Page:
Six countries have mandatory rice fortification legislation, and most of the efforts are pilot projects or programs that provide free or subsidized food to selected populations. See this map for locations.
Strategy for Africa being prepared
Though maize flour is commonly consumed in parts of Africa, less than 30% of the industrially milled maize flour on the continent is fortified. To identify the existing maize production and fortification practices, Smarter Futures conducted a scoping study earlier this year. Smarter Futures is a partnership for Africa that includes the Ministry of Foreign Affairs of the Netherlands, AkzoNobel, the Food Fortification Initiative (FFI), Helen Keller International (HKI) and the International Federation for Spina Bifida and Hydrocephalus (IF).
The author of the scoping study noted that data either did not exist or was difficult to obtain in many of the countries. Results were presented during a maize fortification workshop in October in Dar Es Salaam, Tanzania. Participants from 14 countries discussed the opportunities and challenges of fortification and added missing information from their country to the study. See the meeting report for all presentations as well as country-specific plans for scaling up maize fortification.
A maize strategy for Africa is being prepared based on the findings of the scoping study and the workshop participants. It will be shared with partners early next year.
In the meantime, check out the newly released World Health Organization guidelines for fortifying maize flour. Like the guidelines for wheat flour fortification, these include recommended levels and types of iron, folic acid, vitamin A, vitamin B12, and zinc based on the availability of flour. The maize guidelines also include levels of thiamine, riboflavin, niacin, pyridoxine, and pantothenic acid to use to restore the nutrients lost in the milling process.
|Participants at the maize strategy workshop in Dar Es Salaam, Tanzania|
Training of Trainers
A Training of Trainers workshop in September was the first step toward developing a cohort of flour fortification specialists in West Africa. These specialists in turn can advise others in the region on fortification issues such as working with a multi-sector alliance, developing legislation and standards, and implementing monitoring procedures.
Participants came from six countries to the meeting in Abuja, Nigeria. The individuals had a range of fortification experiences and a variety of career backgrounds. See the full meeting report, including list of participants and their evaluations of the training.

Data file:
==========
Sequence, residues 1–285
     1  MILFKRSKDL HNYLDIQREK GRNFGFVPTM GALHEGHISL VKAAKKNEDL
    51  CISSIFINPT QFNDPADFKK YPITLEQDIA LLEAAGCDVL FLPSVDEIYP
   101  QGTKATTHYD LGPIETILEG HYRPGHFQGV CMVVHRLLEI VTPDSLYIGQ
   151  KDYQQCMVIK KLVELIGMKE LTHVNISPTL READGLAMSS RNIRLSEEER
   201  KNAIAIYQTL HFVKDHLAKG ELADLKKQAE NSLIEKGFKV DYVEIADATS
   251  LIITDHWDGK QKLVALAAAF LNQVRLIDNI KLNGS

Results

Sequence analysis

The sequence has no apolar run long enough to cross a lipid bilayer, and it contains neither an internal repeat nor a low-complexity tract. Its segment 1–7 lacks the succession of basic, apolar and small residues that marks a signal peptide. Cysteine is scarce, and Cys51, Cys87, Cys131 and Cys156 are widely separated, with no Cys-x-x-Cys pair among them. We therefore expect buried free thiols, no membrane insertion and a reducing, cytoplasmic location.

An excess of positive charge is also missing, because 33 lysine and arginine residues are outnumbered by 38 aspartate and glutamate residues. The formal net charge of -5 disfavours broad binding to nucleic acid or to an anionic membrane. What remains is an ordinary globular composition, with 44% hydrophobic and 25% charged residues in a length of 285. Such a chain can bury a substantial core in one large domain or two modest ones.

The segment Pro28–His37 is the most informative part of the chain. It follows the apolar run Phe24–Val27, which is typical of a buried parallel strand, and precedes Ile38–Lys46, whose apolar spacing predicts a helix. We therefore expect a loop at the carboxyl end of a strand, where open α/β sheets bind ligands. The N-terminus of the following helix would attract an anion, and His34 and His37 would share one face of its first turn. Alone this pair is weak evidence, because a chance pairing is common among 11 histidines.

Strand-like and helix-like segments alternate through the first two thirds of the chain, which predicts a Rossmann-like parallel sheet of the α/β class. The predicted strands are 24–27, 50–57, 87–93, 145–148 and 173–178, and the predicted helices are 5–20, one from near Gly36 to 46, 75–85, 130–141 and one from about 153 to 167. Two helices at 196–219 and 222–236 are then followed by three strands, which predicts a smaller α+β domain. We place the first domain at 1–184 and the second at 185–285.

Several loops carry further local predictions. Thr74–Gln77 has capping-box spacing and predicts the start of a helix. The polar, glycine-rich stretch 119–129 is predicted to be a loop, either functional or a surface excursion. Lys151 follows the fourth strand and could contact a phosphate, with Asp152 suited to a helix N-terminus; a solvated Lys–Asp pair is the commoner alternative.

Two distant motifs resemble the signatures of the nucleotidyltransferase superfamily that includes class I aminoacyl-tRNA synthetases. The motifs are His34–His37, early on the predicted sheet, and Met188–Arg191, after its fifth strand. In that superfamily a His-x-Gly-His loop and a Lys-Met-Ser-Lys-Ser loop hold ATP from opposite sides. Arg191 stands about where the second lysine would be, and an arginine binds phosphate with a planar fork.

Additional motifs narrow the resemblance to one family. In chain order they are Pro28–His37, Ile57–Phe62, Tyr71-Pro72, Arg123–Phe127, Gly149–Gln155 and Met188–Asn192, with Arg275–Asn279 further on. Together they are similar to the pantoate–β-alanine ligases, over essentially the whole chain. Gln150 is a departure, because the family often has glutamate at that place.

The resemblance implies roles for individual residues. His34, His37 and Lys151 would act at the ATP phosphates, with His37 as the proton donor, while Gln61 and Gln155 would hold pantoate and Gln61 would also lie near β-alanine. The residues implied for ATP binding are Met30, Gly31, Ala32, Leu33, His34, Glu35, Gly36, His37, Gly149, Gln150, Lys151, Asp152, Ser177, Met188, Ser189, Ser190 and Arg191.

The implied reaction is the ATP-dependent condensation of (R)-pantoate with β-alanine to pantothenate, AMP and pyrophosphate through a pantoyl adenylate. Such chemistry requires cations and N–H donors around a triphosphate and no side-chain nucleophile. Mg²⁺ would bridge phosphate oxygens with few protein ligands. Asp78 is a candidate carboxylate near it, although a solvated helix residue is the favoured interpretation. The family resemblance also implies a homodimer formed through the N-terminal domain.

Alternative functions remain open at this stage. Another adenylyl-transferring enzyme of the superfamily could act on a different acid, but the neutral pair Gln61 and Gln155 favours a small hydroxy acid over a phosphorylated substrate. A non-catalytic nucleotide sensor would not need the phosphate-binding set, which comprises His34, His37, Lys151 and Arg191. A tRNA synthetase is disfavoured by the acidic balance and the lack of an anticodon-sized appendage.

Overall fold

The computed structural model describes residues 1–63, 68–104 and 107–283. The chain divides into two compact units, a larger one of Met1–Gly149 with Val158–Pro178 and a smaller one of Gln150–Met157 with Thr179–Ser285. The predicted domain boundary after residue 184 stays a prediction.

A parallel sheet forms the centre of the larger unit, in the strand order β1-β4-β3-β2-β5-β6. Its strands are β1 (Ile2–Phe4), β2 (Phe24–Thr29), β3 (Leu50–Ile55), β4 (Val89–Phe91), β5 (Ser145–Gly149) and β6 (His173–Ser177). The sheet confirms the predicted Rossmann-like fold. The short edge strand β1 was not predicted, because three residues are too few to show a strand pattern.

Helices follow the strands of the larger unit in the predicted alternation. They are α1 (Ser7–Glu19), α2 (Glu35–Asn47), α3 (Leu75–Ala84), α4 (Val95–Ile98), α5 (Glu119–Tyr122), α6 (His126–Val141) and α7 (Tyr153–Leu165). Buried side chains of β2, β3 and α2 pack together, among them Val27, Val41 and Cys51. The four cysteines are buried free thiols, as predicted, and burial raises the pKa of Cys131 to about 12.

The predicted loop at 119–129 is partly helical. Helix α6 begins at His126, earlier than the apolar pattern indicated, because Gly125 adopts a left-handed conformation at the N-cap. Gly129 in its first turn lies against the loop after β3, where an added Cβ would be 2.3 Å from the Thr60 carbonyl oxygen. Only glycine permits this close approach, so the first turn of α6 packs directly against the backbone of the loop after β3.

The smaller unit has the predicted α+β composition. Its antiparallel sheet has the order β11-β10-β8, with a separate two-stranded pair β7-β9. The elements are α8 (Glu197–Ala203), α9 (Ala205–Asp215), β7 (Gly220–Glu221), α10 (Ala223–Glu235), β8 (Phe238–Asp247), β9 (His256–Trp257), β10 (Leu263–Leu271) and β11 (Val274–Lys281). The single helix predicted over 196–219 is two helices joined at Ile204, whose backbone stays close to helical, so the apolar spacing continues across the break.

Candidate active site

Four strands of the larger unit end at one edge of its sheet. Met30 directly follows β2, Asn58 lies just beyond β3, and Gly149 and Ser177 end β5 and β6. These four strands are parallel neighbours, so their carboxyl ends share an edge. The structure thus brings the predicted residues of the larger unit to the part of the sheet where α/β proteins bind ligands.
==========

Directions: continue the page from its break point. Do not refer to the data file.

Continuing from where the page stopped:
While this workshop was conducted in Africa, it is applicable to any region of the world. Please contact us at email@example.com if you are interested in a similar program in your region.
|Attendees at the Training of Trainers workshop in Abuja, Nigeria.|
Online Monitoring Training Available for Groups
“Flour Fortification Monitoring” is a new online training tool to teach basic concepts of internal, external, import, and commercial monitoring. The course was created in collaboration with FFI, the Global Alliance for Improved Nutrition (GAIN), and the IGP Institute at Kansas State University.
The tool guides participants in planning for a monitoring system; engaging in internal, external, import and commercial monitoring activities; and collating, reporting and using monitoring data. Videos, photos and examples enhance the monitoring concepts. Data collection forms are provided to facilitate country-based monitoring activities.
The online course consists of nine modules. The topics are:
- Why Fortify?
- Multi-Sector Alliance and Planning for Fortification Monitoring
- Standards, Premix and Laboratories
- Internal Monitoring
- Regulatory Monitoring Part I: External Monitoring
- Regulatory Monitoring Part II: Import and Commercial Monitoring
- Quality Management Systems
- Reporting and Using Data
The course is available for groups of 10 or more. Leaders can include discussion board dialogue and simple assignments to encourage active participation among the learners. Participants move through the modules at their own pace, but they must pass a quiz after each video before going to the next segment. The videos can be streamed with an Internet connection or downloaded for viewing later.
The intended audience includes representatives of government ministries and partner organizations, flour millers, food inspectors and laboratory technicians. The course could be used to guide country leaders who are planning for fortification, to train staff working on fortification programs, or to facilitate a baseline level of knowledge among individuals preparing to attend a fortification workshop - just to name a few ideas.
Students who successfully complete the course will receive a certificate and earn one continuing education credit. Contact us at firstname.lastname@example.org for more information.